“The simplest and preferred way to sustain low ACC premium costs is to reduce the accident rate. ACC’s rather crude experience rating was a significant contributor to bringing the weekly benefit claims down from 2,000 per month to 1,113 per month. The private industry’s more sophisticated structure over the last seven months has been a major contributor to bringing them down to 800 per month.

“The government is scrapping the private industry and experience rating and it is inevitable that claims will head back over the 1,300 per month level.

“The private competitive market has, over the past seven months, delivered major savings and improved workplace safety. Cullen’s hollow promises are no substitute for the evidence in black and white,” said Ken Shirley.


For more information visit ACT online at or contact the ACT Parliamentary Office at

© Scoop Media

Parliament Headlines | Politics Headlines | Regional Headlines

Crowdsale And Crowdfunding Campaign: Help Create The Future Of Independent News

Two weeks to go! The Scoop 3.0 plan aims to create NZ’s first community-owned, distributed news and media intelligence ecosystem in 2019. We believe this ScoopPro media monetisation approach can be scaled and spread globally to support local and independent news efforts in regional New Zealand and around the world.

Scoop is an ecosystem, it would not exist without those who contribute to it, read it and rely on it for professional media purposes. Generous past support from this ecosystem has enabled us to come this far in developing our business model. Support our PledgeMe Campaign>>


14/11: Two Years’ Progress Since The Kaikoura Earthquake

Mayor John Leggett said it was a day for reflection, but also a time to recognise the work by many people to support progress towards recovery made across Marlborough since November 2016. More>>


Pike River: Mine Drift Re-Entry Plan To Proceed

“I’ve decided the Te Kāhui Whakamana Rua Tekau Mā Iwa - Pike River Recovery Agency, recommended course of action to enter the drift, using the existing access tunnel, is by far the safest option,” said Andrew Little. More>>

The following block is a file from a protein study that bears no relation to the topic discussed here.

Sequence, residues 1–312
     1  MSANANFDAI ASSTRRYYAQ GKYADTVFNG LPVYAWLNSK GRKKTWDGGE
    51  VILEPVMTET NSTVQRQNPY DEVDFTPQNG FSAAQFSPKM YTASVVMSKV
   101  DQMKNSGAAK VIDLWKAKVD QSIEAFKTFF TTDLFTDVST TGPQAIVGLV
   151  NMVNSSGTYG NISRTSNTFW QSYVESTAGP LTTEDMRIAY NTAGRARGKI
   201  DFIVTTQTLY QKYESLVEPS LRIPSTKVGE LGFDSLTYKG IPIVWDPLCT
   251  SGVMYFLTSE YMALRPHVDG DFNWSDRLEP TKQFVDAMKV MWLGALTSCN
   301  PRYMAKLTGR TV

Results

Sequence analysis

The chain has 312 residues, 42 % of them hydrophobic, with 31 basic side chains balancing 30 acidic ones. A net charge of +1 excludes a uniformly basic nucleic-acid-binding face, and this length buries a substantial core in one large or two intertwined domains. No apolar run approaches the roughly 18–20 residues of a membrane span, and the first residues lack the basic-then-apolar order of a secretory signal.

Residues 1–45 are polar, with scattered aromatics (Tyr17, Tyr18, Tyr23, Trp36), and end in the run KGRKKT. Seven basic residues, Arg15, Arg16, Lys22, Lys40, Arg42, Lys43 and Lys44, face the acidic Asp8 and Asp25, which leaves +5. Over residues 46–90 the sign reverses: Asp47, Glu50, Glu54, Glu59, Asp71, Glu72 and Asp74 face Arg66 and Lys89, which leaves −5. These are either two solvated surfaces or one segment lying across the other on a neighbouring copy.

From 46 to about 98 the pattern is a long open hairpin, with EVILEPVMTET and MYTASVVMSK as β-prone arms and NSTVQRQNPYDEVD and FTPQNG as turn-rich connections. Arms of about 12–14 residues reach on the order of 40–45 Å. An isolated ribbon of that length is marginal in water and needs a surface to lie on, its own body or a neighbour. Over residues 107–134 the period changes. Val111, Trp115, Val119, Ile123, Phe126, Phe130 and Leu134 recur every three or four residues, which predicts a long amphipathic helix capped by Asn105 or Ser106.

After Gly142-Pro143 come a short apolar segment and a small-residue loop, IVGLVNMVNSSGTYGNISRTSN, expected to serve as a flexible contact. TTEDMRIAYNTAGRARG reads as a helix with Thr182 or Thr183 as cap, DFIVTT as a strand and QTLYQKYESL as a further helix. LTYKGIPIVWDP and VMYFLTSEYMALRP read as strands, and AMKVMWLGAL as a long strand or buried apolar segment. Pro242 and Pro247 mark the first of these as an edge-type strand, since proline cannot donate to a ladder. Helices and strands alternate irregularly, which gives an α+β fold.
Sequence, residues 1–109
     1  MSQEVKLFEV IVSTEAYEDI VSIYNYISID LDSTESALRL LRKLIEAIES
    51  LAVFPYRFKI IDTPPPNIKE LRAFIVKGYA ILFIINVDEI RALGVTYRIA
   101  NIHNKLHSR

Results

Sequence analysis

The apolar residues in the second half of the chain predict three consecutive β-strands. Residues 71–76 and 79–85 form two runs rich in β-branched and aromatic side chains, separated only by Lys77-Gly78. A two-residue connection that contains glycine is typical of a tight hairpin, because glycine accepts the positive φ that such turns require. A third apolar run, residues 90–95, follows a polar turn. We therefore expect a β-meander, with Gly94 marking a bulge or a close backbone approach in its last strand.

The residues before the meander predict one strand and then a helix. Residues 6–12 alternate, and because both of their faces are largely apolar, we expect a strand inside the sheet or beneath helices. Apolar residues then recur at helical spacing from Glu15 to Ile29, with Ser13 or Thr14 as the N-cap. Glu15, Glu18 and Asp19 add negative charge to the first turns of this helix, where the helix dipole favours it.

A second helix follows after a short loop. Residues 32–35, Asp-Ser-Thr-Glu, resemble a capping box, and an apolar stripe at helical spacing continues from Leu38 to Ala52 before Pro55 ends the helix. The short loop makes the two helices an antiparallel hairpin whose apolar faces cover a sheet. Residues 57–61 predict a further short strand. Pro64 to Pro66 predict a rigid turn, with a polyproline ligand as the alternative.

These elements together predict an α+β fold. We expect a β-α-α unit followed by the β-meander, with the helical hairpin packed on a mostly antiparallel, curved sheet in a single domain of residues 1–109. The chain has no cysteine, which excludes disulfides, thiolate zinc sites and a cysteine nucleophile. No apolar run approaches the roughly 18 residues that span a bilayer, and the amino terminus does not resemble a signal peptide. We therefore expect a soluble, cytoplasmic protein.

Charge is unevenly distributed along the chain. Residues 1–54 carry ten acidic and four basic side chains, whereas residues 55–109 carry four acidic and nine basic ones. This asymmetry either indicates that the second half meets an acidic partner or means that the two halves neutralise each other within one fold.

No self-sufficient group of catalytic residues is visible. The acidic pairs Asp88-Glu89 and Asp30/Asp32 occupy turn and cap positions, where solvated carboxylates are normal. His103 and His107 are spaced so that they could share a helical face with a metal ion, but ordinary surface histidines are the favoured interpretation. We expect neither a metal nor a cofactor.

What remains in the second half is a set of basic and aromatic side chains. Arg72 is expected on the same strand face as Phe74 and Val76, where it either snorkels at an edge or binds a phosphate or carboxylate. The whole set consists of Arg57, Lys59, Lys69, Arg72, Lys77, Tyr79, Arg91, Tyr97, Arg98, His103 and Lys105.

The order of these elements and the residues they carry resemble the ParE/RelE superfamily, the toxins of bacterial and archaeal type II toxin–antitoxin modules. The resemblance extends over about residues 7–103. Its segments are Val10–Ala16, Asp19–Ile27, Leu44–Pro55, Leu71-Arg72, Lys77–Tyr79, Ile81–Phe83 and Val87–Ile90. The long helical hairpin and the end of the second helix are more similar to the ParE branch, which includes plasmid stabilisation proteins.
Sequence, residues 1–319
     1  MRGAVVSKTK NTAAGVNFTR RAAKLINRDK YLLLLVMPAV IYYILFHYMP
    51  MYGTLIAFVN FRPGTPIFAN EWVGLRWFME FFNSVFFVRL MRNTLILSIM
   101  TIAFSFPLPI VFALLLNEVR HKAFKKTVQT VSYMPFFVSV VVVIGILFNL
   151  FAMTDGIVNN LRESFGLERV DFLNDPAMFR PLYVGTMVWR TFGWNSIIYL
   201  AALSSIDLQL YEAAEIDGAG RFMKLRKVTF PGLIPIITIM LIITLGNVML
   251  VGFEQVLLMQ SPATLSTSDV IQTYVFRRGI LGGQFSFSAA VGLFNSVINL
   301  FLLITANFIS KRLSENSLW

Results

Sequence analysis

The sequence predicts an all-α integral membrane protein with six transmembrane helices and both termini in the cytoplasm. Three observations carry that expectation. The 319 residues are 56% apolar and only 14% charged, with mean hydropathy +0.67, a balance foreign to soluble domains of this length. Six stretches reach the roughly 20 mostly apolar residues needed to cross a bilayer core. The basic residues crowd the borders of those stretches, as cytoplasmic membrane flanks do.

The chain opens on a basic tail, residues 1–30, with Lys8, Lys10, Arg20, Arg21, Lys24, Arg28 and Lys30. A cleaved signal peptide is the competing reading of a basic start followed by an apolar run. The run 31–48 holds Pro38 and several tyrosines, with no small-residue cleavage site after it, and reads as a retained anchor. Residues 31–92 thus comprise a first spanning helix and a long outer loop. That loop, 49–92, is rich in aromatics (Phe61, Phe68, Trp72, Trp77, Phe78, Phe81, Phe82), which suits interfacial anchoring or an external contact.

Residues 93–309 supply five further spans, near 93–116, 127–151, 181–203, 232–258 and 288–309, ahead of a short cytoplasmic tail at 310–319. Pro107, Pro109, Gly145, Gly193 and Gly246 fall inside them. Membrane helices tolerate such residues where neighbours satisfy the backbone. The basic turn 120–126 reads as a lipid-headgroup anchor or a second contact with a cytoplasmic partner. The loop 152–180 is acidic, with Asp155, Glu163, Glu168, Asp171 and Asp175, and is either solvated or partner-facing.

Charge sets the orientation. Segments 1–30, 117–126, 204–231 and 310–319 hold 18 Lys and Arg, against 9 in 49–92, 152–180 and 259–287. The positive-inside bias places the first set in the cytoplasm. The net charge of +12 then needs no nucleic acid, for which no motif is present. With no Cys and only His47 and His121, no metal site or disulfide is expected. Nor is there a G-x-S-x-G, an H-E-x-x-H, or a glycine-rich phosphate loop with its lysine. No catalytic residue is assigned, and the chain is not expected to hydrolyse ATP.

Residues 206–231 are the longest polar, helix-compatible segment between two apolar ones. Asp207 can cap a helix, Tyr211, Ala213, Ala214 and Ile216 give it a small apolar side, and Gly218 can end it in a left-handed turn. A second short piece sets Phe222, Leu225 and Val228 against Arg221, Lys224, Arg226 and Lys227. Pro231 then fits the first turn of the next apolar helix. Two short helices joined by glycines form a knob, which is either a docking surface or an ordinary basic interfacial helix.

Appointments: New High Commissioner To Australia Announced

“Dame Annette King needs no introduction given her long running career as a parliamentarian where she has previously held a number senior Cabinet portfolios, including Justice, Police and Health. She also was Parliament’s longest serving female MP with 30 years’ service,” said Mr Peters. More>>


Two Years Since Kaikoura: Silvia Cartwright To Lead Inquiry Into EQC

“The inquiry will be the first of its kind under the Public Inquiries Act 2013 and will have all the powers of a Royal Commission, be independent of Government and make its report directly to the Governor-General. More>>


Gordon Campbell: On The Royal Commission Into Child Abuse

Obviously, it is good news that the coalition government has broadened the scope of its Royal Commission into the abuse of children, beyond its previous focus on children in state care. More>>


Cases Delayed: Court Staff Refuse To Handle Sentencing Papers

Dozens of court cases have reportedly been delayed, as court staff escalate industrial action at two Auckland courts by enforcing a ban on handling sentencing papers. More>>


Education: Primary Teachers Rolling Strikes

RNZ Report: More than 100,000 primary school students in Auckland will be home from school today as teachers and principals walk off the job for the second time this year. It's the start of a week of rolling one-day strikes around the country, after the collapse of contract negotiations last Thursday. More>>


"Process Was Sound": Inquiry Into Haumaha Appointment Released

The Inquiry’s purpose was to examine, identify, and report on the adequacy of the process that led to the appointment. It found the process was sound and no available relevant information was omitted. More>>





InfoPages News Channels